Control of the CRF system exists at multiple levels to ensure rapid and specific hormone release that is followed by appropriate restoration to steady state. Glucocorticoids, the final product of HPA activation, impose a vital form of negative regulation on HPA activity. Biosynthesis and secretion of CRF in the PVN and ACTH in the anterior pituitary are suppressed directly by glucocorticoids. In addition, glucocorticoid-mediated negative feedback occurs at the level of the hippocampus, which sends projections via the BNST to inhibit CRF activity in the PVN. Thus, glucocorticoids provide an essential means of terminating HPA axis activation (de Kloet et al., 1998). In addition to this critical form of negative feedback, glucocorticoids provide a positive influence on CRF whereby they increase CRF mRNA expression and CRF content in the central amygdala and BNST (Makino et al., 1994; Cook, 2002). Such elevations in limbic CRF activity likely potentiate anticipatory behaviors such as anxiety and fear. Thus, glucocorticoids refine the response to stress, differentially modulating hypothalamic and amygdaloid CRF systems to dampen HPA axis activity while enhancing behavioral adjustments to stress (Schulkin et al., 1998).
Glucocorticoid actions are mediated by two closely related intracellular receptors, mineralocorti-coid receptors (MR) and glucocorticoid receptors (GR) (reviewed in (de Kloet et al., 1998)). GR are broadly expressed in most cell types while MR show a restricted expression pattern confined to brain, kidney, colon, and exocrine glands. In brain, MR are found in neurons of the septum, amygdala, and hippocampus while key sites of GR expression include the hippocampus, PVN, and anterior pituitary corticotropes. Evidence to date suggests that hippocampal MR mediates tonic influences of glucocorticoids whereas GR occupancy stimulates negative feedback regulatory actions (Reul and de Kloet, 1985; de Kloet and Reul, 1987). These receptors are ligand-regulated transcription factors within the nuclear hormone receptor superfamily that control the transcription rate of target genes. Activation or repression of gene transcription occurs via homodimer binding of GR to glucocorticoid responsive elements in DNA promoter regions. In addition, it has been shown that GR regulate transcription by interfering with functions of other transcription factors (e.g., activating protein 1 and nuclear factor-KB) via protein-protein interactions. Thus, multiple interactions at the DNA and protein level provide diversity and complexity of transcriptional control by glucocorticoids.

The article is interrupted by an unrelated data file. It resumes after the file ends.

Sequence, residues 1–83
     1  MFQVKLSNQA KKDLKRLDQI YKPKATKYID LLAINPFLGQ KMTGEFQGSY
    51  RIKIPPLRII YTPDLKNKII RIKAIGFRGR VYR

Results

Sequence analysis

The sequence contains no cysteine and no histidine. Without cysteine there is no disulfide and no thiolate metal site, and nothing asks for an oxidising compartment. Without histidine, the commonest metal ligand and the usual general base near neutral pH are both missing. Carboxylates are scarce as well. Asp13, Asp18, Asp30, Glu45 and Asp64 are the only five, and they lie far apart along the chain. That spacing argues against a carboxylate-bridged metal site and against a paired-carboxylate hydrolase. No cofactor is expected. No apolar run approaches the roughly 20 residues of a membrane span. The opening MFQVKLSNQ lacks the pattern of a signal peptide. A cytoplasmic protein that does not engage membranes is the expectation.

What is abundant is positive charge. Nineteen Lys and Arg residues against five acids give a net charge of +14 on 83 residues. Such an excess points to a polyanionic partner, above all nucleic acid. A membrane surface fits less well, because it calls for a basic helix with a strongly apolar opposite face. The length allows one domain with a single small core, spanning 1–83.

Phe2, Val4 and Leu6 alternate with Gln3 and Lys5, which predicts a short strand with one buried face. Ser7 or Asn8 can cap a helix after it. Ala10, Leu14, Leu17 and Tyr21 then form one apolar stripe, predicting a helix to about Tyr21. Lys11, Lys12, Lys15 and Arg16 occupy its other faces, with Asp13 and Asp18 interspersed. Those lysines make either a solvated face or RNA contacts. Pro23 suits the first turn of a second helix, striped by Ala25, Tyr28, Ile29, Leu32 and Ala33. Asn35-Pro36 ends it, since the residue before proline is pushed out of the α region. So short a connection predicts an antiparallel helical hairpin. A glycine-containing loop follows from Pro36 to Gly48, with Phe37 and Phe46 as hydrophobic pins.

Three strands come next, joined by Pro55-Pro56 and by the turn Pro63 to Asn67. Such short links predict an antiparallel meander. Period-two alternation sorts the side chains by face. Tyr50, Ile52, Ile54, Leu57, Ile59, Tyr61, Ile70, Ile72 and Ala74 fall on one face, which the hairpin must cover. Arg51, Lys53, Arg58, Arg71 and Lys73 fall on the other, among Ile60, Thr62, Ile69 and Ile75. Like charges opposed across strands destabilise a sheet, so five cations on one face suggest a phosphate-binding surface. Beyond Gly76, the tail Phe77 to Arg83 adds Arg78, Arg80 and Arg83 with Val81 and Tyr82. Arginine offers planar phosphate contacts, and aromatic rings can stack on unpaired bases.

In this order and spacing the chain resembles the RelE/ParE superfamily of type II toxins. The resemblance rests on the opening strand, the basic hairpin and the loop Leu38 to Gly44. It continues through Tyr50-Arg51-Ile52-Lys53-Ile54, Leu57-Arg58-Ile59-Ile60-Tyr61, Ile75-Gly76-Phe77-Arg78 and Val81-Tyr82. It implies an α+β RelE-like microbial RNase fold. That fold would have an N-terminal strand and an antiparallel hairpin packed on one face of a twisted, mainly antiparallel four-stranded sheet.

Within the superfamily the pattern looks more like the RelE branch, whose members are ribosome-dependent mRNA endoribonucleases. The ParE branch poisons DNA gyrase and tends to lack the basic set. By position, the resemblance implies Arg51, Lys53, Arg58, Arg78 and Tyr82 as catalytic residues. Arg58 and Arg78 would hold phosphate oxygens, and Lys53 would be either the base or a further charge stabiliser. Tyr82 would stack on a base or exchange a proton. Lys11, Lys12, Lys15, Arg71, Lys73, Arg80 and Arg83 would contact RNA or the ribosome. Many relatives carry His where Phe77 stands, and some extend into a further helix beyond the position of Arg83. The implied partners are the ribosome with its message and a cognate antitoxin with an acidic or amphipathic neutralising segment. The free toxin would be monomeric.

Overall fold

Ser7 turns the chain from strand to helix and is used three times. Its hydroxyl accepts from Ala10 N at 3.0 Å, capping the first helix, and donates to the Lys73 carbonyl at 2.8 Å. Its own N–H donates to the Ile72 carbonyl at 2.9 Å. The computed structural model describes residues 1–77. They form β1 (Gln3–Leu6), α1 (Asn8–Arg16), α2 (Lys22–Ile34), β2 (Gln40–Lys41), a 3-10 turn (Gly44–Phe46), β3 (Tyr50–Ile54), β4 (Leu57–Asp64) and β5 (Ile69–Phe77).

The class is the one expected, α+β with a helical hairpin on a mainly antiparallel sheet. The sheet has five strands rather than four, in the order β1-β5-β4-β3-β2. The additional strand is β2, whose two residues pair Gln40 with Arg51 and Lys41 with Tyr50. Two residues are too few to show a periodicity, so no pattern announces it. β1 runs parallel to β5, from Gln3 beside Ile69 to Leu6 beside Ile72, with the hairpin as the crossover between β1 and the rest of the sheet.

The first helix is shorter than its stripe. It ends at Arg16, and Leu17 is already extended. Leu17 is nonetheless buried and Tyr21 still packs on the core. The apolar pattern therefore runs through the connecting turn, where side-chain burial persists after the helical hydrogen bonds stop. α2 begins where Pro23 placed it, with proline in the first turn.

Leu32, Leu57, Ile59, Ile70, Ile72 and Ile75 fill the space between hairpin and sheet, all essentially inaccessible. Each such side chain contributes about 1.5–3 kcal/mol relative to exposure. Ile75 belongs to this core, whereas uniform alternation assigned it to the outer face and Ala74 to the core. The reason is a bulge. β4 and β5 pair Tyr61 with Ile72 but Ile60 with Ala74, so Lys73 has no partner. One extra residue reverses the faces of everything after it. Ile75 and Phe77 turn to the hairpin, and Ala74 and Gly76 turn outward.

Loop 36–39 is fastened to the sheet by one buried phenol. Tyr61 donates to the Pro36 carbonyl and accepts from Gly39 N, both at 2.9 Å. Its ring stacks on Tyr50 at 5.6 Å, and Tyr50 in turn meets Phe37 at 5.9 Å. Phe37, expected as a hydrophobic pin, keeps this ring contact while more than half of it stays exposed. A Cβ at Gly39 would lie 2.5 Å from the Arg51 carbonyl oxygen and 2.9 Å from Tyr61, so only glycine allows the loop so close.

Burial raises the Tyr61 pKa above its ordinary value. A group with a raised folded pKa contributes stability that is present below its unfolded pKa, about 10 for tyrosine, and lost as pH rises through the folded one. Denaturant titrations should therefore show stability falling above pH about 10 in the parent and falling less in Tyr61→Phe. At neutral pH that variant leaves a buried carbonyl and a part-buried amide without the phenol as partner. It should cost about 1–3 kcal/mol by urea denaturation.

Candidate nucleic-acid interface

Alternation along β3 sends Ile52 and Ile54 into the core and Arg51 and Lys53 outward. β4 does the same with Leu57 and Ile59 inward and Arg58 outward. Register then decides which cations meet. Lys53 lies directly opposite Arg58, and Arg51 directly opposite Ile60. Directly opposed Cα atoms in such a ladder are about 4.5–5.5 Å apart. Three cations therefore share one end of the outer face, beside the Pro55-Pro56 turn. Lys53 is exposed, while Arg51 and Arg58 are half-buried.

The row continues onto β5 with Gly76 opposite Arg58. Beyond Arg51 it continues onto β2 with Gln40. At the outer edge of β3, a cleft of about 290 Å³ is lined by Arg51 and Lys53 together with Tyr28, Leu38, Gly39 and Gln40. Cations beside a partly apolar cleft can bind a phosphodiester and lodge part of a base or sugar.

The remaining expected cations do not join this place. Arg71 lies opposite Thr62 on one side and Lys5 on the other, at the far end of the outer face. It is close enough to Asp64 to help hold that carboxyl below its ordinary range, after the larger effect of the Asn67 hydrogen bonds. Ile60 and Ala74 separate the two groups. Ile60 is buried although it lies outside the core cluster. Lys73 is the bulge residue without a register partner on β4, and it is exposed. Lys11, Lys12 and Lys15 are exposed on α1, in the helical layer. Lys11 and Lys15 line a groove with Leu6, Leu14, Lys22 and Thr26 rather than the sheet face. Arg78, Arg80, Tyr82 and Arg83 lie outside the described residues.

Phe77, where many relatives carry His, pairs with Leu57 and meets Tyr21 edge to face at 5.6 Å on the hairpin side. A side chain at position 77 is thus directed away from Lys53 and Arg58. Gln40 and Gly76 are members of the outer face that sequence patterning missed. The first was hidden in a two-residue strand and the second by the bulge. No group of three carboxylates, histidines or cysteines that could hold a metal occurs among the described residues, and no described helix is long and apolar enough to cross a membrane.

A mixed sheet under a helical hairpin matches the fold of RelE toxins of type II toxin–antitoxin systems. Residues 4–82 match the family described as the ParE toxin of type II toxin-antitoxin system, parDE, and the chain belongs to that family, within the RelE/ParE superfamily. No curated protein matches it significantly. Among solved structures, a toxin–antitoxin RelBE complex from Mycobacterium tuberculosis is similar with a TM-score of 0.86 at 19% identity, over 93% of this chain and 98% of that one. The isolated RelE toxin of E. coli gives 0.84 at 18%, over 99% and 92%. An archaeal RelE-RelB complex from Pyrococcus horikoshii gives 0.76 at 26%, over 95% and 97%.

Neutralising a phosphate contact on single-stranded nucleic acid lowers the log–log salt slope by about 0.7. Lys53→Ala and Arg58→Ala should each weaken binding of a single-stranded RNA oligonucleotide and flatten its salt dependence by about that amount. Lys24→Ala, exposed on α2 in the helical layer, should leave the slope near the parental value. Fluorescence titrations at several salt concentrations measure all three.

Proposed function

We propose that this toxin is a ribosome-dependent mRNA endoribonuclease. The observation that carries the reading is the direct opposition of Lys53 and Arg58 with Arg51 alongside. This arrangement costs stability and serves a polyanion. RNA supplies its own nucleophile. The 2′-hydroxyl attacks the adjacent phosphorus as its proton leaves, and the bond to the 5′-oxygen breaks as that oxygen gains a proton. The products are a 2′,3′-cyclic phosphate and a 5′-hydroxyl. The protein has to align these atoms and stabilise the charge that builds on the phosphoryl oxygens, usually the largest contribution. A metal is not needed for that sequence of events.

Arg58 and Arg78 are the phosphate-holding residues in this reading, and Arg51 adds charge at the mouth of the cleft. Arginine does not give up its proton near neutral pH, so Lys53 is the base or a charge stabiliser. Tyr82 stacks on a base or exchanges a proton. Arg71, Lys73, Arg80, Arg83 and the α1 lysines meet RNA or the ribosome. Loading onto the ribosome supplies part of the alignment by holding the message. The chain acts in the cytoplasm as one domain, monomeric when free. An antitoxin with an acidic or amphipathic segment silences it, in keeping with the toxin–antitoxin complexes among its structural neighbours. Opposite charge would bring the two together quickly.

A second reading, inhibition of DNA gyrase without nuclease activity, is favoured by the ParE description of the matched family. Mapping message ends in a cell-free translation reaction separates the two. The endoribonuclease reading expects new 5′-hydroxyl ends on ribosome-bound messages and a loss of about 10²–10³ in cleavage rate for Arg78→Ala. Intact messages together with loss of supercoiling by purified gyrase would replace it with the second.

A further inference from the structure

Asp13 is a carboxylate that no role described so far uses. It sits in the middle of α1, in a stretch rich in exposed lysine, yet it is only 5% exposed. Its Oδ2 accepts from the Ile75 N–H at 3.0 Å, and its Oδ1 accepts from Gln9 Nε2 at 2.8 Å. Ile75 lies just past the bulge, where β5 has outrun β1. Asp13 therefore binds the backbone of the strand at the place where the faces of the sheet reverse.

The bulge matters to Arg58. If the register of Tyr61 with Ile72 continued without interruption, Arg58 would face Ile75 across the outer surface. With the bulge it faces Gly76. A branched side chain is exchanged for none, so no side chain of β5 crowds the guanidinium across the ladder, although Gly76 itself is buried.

The CRF system is also regulated by the CRF-binding protein (CRF-BP), a 37-kD glycoprotein, which binds CRF and urocortin 1 with high affinity (Behan et al., 1989). Urocortins 2 and 3 do not show appreciable binding. CRF-BP is believed to regulate CRF/urocortin actions in vivo by reducing available CRF/urocortin levels. In vitro, CRF-BP has been shown to antagonize CRF-induced secretion of ACTH from pituitary cells (Linton et al., 1990; Cortright et al., 1995). Furthermore, several sites of CRF-BP expression colocalize with CRF neurons (e.g., central nucleus of the amygdala, and lateral septal nucleus), or CRF target cells, most notably pituitary corticotropes (Potter et al., 1992). It has been reported that CRF-BP binds 40-90% of total CRF, thus the availability of "free CRF" may be determined, in large part, by CRF-BP (Behan et al., 1997).
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